Parenting from Within – Rav Mordechai Burg

Parenting is a lonely job. It can bring up deep feelings of helplessness, powerlessness and unworthiness. We don’t talk about this enough and when we don’t talk about our shame, we give it more power over our lives. Mold grows in the dark. When we shine a light on our stories, when we share courageously with others, shame has no space to survive.

I have been a parent for over 20 years. I have five daughters and one son. At one point four of those daughters were teenagers at the same time. Baruch Hashem I have been through the ringer (thank you for your thoughts and prayers). Here is what I have learned so far. There is no such thing as a perfect parent. The perfect child is a myth. The perfect family is a mirage. I know this may not appear to be true at first glance but I urge you to remember that we are living in a world of curated social media content. You are only seeing what they want you to see. There is no recipe to follow for raising children, no equation to work out. We cannot get this “right”. It is perfectly normal to feel worried, confused, angry, guilty, overwhelmed and inadequate. This is all part of being a parent. 

It is common for children to have opposing needs. At once they may need to be held and challenged. Loved and disciplined. As Chazal put it, “One should always push away with the left hand and draw closer with the right hand.” If you don’t know what to do, how softly to push away or how intensely to draw close, welcome to the club. We are all just doing our best to make the next right choice. If you feel like you lack the knowledge or the resources to parent your children, know that you are not alone.

“I think my daughter hates me.”

“She doesn’t mean it.”

“She does. She literally just went off on me for the last half an hour. How I have never done anything for her. How everything I have done is wrong. How I just don’t get her. I don’t get it, I have literally done everything for this kid!”

Parenting is hard enough, but when our own children, the people we have dedicated our lives to, criticize us as only children can (and especially teens!) it cuts to the core. We are only human and there are times that parenting can bring up deep feelings of exhaustion, inadequacy and unworthiness. If you have ever said the words “I am just done” you are part of the tribe. Gentle reminder that you are worthy of love in this role.  A child who can only see the negative in their parents is protecting themselves. It does not reflect reality. It is not even a reflection of their full experience. The child who challenges us may trigger deep feelings of unworthiness but we cannot parent from that place.    

When we combine these factors – the fact that other families look they have it all figured out, that we don’t necessarily know what parenting strategies we ought to be employing, the fact that we may be feeling as if we living in a sea of negativity and the waves of criticism we face seem to be relentless, it is totally understandable that parenting can sometimes feel beyond overwhelming. So what’s the move? Our children don’t need us to get it “right.” In fact, the research indicates that our imperfections as parents help our children learn that life is a series of ups and downs and that they, like us, can manage the vicissitudes of life. In other words, the attempt to be a perfect parent in and of itself is a failed parenting strategy.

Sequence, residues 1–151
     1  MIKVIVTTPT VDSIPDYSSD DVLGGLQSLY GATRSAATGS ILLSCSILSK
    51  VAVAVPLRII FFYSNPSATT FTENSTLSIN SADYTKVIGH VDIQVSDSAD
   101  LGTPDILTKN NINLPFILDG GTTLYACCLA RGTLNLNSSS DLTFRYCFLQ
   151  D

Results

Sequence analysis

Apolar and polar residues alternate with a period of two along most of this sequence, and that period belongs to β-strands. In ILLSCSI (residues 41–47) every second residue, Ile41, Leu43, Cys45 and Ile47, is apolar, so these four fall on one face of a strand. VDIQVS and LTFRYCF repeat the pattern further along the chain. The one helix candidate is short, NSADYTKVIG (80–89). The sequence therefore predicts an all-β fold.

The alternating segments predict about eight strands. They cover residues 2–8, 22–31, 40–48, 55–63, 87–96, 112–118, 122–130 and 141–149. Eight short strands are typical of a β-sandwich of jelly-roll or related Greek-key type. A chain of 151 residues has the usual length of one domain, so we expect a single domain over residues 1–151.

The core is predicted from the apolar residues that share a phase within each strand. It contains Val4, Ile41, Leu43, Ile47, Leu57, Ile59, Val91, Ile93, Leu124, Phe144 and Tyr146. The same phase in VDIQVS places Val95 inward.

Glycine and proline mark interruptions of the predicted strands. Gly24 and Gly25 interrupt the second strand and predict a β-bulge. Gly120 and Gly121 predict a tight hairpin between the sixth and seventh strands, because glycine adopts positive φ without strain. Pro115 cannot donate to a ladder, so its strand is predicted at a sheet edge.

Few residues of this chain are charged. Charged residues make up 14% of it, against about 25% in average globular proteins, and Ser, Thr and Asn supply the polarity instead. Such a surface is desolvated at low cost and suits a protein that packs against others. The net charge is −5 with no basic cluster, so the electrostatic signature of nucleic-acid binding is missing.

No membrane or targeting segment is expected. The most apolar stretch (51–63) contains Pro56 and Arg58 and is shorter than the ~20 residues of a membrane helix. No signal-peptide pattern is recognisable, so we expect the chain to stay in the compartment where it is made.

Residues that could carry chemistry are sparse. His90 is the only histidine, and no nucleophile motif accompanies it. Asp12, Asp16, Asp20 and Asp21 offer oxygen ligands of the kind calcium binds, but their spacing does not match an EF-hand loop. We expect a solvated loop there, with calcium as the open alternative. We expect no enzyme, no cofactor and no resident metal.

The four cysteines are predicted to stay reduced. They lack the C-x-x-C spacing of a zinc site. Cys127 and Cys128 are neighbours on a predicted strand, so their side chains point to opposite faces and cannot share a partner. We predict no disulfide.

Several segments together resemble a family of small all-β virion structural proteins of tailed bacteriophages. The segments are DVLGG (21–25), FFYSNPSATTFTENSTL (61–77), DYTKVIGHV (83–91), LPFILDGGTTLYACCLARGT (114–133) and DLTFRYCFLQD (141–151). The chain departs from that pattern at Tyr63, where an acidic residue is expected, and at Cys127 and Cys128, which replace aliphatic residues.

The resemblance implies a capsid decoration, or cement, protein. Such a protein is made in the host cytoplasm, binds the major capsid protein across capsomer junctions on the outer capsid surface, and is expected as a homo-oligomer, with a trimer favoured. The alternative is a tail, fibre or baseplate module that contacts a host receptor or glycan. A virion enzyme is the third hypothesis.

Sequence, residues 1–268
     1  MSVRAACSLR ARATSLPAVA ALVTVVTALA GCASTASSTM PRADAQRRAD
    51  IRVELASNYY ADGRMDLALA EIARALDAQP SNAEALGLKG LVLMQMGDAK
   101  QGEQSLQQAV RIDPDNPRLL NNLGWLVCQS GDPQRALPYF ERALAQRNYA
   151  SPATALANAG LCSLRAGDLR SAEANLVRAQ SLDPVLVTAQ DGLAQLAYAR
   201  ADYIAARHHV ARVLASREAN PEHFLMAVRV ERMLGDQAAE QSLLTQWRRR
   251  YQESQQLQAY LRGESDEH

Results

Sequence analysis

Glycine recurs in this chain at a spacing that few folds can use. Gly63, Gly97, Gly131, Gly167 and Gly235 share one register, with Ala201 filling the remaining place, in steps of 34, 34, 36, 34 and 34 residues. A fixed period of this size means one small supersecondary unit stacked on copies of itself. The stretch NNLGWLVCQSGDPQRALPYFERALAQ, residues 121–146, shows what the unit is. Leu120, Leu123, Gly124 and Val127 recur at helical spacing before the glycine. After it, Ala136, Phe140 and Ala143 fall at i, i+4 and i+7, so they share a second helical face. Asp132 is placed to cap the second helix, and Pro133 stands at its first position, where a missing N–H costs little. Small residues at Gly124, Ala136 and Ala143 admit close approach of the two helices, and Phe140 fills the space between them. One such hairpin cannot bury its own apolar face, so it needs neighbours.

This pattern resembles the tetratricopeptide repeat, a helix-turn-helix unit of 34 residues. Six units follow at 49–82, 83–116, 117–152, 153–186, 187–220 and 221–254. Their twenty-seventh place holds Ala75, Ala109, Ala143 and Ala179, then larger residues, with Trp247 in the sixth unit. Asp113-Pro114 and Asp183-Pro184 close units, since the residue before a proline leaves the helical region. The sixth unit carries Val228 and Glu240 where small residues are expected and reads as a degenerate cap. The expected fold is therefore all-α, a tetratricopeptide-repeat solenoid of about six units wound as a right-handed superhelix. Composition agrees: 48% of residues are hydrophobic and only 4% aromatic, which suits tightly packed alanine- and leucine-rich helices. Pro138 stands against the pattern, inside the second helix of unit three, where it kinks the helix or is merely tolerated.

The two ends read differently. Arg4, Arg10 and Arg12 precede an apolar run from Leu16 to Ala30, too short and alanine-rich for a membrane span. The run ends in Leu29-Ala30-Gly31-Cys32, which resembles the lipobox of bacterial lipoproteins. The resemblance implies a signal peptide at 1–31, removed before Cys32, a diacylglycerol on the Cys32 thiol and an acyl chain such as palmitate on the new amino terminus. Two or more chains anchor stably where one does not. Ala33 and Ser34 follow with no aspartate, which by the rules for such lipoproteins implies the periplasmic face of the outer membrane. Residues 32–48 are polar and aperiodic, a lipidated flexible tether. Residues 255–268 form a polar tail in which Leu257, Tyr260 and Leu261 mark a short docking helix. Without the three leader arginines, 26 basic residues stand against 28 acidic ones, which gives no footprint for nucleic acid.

It seems to me that parenting is at least as much about parenting ourselves as it is about parenting our children. As long as we are doing our best to show up in self (a sometimes formidable task) we will be enough for our children. What does this mean?

  1. Showing up as a person who can build a healthy attachment with our children. Most of parenting is having a strong relationship with our children. When we are in-self, it creates space for a meaningful relationship to flourish. We can’t control the way our child shows up, but we can control the way we show up which will strongly influence our child. 
  2. Being mindful of our own childhood wounds so that we don’t imitate the mistakes of our own parents or overcompensate because of them. Without paying attention to where we came from we can inadvertently parent from parts of ourselves that are deeply protective. If we are aware of our wounds we can break the cycle of parenting that may have been handed down to us. 
  3. Staying emotionally regulated under trying circumstances. If our child is throwing a temper tantrum we can respond rather than react. Of course, it goes without saying that if we are not taking care of ourselves, our capacity to make good parenting decisions will be somewhat mitigated.
  4. All relationships involve rupture and repair and we can stay in repair. As John Gottman put it, “The difference between master and disaster couples is how they repair.” It is normal for a parent child relationship to require attunement. Repair is not only for our missteps, it is about ensuring that the relationship is aligned. Relationships are flexible but we need to stay in repair to ensure their integrity. And, when done right, we can actually teach our children that in a healthy relationship we grow closer from the distance. 

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